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Calistoga's Old Faithful Geyser is site for USGS studies
John Lindblom photo An eruption from Old Faithful Geyser in Calistoga. Superheated water from the eruption is at a temperature of 350 degrees.

Like the Ancient Mariner said, “Water, water everywhere, but nary a drop to drink.” … Not at 350 degrees, which is the temperature at which columns of superheated underground water spout from Calistoga’s Old Faithful Geyser of California.

Since the ’70s, the subterranean phenomenon has been an attraction for people of all ages and among the reasons why Calistoga has been a destination for tourists. Like clockwork, this curiosity on Tubbs Lane shoots about a thousand gallons skyward every half hour and as frequently as every 5 to 10 minutes during the rainy season. Eruptions in wet weather may last a minute; with warmer weather they last longer.

The tourist season now beginning will bring greater crowds to Old Faithful, says general manager Tim Widoff.

“We’ll get 800 to 1,000 people on the Fourth of July,” he said. “Students from lower grades to high school seniors. During the school year, we invite a lot of groups to come in. We get a couple of field trips a month from school all around northern California, the farthest from Sacramento. One field trip was from a Southern California school.” Additionally, the California Veterans Home in Yountville brings in a couple of buses each year, he said.

Widoff, who has managed Old Faithful since 2003, said that it continues to be a site for USGS studies.

“They’ve done a couple of experiments out there,” he said. “They set out pressure plates all around the area and found that during an eruption the ground would rise a little bit. They were here this spring to measure how frequently this happens and invited a UC-Berkeley professor and his students.

“There have been a lot of geology studies done here,” Widoff added. “The Carnegie Institute in New York came and put up a scanner to see the heat coming off the geyser and record the eruption.”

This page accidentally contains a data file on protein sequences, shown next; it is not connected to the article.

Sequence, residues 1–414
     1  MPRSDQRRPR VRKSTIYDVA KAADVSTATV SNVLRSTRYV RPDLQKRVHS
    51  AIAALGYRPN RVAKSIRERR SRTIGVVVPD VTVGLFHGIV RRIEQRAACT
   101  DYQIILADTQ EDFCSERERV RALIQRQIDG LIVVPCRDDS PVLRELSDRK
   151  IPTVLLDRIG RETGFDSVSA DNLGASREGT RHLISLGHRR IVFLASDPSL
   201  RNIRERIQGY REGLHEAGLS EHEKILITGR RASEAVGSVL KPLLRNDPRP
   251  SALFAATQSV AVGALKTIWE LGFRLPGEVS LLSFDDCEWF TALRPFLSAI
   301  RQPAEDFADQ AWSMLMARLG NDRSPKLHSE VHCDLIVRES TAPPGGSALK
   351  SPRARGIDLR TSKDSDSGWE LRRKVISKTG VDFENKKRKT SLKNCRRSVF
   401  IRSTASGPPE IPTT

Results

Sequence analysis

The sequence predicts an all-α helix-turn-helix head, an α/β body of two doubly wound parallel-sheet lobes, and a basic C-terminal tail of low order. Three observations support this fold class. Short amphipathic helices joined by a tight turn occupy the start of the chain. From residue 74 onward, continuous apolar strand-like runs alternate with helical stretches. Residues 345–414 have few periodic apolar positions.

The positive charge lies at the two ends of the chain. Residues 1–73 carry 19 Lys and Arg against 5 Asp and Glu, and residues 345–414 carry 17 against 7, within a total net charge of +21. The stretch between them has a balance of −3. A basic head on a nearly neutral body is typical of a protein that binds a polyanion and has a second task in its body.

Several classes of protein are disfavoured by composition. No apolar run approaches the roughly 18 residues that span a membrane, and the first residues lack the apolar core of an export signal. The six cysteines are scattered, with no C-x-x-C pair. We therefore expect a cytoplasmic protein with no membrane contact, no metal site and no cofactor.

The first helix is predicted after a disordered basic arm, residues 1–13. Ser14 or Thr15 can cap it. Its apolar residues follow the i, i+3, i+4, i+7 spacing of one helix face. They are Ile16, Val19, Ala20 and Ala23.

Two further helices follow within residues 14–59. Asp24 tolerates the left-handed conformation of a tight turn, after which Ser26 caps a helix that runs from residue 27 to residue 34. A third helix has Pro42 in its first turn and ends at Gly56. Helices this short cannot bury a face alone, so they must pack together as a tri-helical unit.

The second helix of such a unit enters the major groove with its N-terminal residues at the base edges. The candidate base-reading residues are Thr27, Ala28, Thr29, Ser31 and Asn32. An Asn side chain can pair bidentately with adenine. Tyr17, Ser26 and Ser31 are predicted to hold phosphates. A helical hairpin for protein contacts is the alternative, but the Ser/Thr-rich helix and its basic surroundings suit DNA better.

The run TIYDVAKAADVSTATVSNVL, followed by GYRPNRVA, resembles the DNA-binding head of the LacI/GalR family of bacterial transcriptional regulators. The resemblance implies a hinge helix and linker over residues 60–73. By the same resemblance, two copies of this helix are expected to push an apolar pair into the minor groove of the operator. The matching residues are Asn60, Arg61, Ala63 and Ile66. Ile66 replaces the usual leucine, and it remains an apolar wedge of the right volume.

Because of all the underground activity, the area occasionally experiences earthquakes that register from 2.0 to 3.0 on the Richter Scale. “But when the USGS was here they said it’s better to have a lot of little earthquakes than one big one,” said Widoff.

The Old Faithful Geyser of California was discovered in 1906 by rancher Fran Rache and his wife Grace. Retired school teacher Olga Cream made it a tourist attraction after she and her husband Howard purchased the site in 1974. A prior attempt at attracting tourists was made by a man named E.T. Plummer, as old postcards from the period attest.

The geyser is a single well with a cavern beneath that fills up with fresh water, said Widoff. Heat from the ground builds up steam and the pressure that makes the water erupt.

Calistoga’s is one of three “Old Faithfuls.” Another of approximately the same size is in New Zealand. The most famous is located in Yellowstone Park.

“The water and steam from its eruptions go on for 60 to 90 minutes and it erupts to 100 to 150 feet,” Widoff said. “Ours goes from 50 to 60 feet.”

Between eruptions, visitors can picnic and check out the herd of goats, four-horned sheep and llamas the facility maintains. Of particular interest are the Tennessee fainting goats, which when frightened actually appear to faint.

“Actually, their muscles seize up and they can’t move,” said Widoff. “It causes them to run real funny or just fall over.”

But visitors to Old Faithful Geyser who want to witness this strange behavior for themselves probably will be disappointed.

“They don’t faint much anymore,” said Widoff. “They got used to people.”

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